On Swooning

Years ago, one of my sisters was part of those Home Interior parties. (They sell home decor and such.)

There is a bit of a pyramid nature to it, it seems, because for months the local host, or procurator or whatever it is kept trying to convince my sister to become one. She, and others.

As I was told by my mother, who attended one such meeting, the hostess offered to my sister, (or anyone else in the group who wanted to take on the position) a brand new spherical key chain, covered in “50% real mink fur.”

Neither my mother nor my sister were impressed by this. Believe it or not, though, they were the only two who felt that way. To paraphrase my mother who told the story later:

Grown women were falling over themselves going apeshit over this piece of trash like it was the Holy Grail.

My sister parted with Home Interior not long afterward.

Both my sister and I, as well as my other siblings get it honest. Mom has never been easily impressed by such things. Dad wasn’t either. Whether it be people, clothing, or in this case, a spherical  key chain covered in 50% real mink fur, we don’t often swoon. We just don’t feel that many things are a big to-do. We are not moved to applause by every little thing.

There are probably many reasons for this. Genetics being one, like I said. Having lived at times a difficult life wherein priorities present themselves. An overall simpler view on life than many folks. Even our natural introversion. However I think for the most part it is that we save big reactions for big things.

Many will claim that different people get excited about different things, and that I shouldn’t judge. True, to a point. But let’s be as honest as possible with this; don’t you think that there are levels of excitement to life? Is there not something a bit disconcerting about swooning as much over a key chain as a marriage proposal? I have to believe I am better off with a high swoon threshold than to feel my heart flutter after signing up earlier for the webinar.

Swoon is the operative word here. I didn’t say appreciation, or anticipation. I am not talking about having fun or feeling excited. I am talking about, hand covering your mouth, jumping up and down, somebody get me a pillow because I am about to pass out swooning.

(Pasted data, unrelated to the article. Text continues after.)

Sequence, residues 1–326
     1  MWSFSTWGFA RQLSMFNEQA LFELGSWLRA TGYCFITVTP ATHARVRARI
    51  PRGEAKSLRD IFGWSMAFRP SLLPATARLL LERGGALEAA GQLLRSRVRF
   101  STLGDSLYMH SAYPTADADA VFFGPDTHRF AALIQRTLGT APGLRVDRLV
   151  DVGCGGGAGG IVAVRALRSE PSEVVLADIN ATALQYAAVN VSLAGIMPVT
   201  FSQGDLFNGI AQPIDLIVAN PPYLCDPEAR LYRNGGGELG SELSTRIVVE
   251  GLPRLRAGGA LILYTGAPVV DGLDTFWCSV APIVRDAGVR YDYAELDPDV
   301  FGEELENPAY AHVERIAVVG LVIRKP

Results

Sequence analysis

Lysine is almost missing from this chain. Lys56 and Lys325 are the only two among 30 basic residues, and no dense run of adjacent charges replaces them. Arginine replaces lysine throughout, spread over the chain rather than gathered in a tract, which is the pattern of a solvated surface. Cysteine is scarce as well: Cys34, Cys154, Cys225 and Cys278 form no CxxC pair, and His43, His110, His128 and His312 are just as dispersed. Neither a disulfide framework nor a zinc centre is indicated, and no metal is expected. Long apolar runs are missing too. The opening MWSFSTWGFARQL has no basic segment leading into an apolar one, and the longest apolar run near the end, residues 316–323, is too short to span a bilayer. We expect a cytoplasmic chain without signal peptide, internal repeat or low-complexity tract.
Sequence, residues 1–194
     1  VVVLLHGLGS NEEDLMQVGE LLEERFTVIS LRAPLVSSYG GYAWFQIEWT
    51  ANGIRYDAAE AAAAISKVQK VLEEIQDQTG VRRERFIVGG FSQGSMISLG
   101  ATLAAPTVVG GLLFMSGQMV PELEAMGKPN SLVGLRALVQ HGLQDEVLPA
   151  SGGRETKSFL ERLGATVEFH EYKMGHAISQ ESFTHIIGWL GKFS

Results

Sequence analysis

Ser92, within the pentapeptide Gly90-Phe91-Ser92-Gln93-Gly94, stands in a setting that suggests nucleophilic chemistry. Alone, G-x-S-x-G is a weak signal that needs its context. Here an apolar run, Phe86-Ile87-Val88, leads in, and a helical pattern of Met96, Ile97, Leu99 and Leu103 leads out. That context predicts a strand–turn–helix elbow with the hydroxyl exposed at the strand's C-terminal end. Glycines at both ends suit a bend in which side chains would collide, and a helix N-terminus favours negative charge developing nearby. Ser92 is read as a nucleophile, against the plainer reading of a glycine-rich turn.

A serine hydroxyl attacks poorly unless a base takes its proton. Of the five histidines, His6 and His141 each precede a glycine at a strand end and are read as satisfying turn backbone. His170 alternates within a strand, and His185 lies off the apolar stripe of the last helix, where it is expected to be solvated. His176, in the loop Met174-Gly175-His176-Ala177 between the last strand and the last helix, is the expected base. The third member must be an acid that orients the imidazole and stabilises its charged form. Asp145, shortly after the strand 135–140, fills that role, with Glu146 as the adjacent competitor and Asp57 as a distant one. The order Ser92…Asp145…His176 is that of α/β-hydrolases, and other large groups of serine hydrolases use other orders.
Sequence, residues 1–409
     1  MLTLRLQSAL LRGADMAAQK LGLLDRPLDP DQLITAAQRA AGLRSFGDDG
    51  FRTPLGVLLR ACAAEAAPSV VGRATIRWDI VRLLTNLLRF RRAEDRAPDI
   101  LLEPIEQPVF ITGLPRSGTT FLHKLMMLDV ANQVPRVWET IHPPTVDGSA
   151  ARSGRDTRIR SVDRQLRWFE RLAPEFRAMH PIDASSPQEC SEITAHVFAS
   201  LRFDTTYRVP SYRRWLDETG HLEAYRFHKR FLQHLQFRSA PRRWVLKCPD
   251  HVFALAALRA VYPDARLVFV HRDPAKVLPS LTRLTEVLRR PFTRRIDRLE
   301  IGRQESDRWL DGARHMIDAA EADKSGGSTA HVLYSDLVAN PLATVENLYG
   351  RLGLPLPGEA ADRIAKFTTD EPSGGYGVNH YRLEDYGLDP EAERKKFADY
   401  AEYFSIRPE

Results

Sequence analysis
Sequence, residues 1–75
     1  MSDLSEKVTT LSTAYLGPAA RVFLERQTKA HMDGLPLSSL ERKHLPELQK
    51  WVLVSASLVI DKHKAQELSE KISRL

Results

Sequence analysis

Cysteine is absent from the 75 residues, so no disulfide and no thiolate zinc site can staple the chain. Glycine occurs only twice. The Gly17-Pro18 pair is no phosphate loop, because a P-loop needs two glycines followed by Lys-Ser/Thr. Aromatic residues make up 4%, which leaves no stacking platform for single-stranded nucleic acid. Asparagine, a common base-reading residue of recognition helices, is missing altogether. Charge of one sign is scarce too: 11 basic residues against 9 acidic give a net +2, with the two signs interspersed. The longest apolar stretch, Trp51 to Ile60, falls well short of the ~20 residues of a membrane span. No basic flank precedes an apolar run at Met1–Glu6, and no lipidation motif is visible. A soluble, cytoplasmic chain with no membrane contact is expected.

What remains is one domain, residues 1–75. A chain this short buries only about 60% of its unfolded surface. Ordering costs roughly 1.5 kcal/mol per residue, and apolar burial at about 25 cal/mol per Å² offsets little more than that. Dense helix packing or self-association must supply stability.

I am often amazed, and at times disgusted by how easily people can get to this level over something, whether an object, an experience, or another person. This lifelong bafflement of mine has only been enhanced with the advent of social media, where every third post, Tweet, or Facebook update has something to do with just how “mind-blowingly stoked” somebody is to be among the first 1,000 people to get a copy of Seth Godin’s new e-book…a full week before everybody else can. Do they talk this way on dates??

Don’t misunderstand, because I can hear the objections as I type. Like I wrote earlier, I do think life should be enjoyed, and everyday enthusiasm does deepen our existence. But that is just the point. It should be everyday enthusiasm. Not wetting yourself excitement at something every single day.

Yes, there are times when I think that people who swoon over e-books and key chains get ahead a tad faster in life. When their twitterpation is conflated with enthusiasm or appreciation. That can get some people to the front of the line and past the velvet ropes to be sure. Yet if your excitement system doesn’t have some sort of tiered structure, what are you going to have left to enjoy later? If you are drooling about the e-book release by your favorite author which you just bought before all of your friends, are you going to be able to muster anything intelligent to say or do should you one day get to meet your favorite author? Breath and prioritize. If you can do it with your anger, you can do it with your swooning.

I get excited. I have jumped in the air over things, slapped high fives, and been unable to sleep in anticipation of the important moments. On occasion I have screamed with incoherent but justifiable exuberance into the night. One day I may even swoon, and suffer temporary respiratory failure. (Though it would require extreme and rare circumstances, like Ellen Page smiling at me at a party or something.) Yet I am proud, not ashamed to admit that in most cases as good things happen, I remain level headed enough to absorb the whole experience without tweaking. And I humbly submit that you can too.

How easily do you swoon?

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1 Comment

  1. The beginning reminded me of how I describe my mom and her being impressed by things.

    “My mom is super-Catholic and the pope could jetpack onto our lawn and she'd just be like “Excuse me Your Holiness, are you going to stand there or help me bring the groceries in?”

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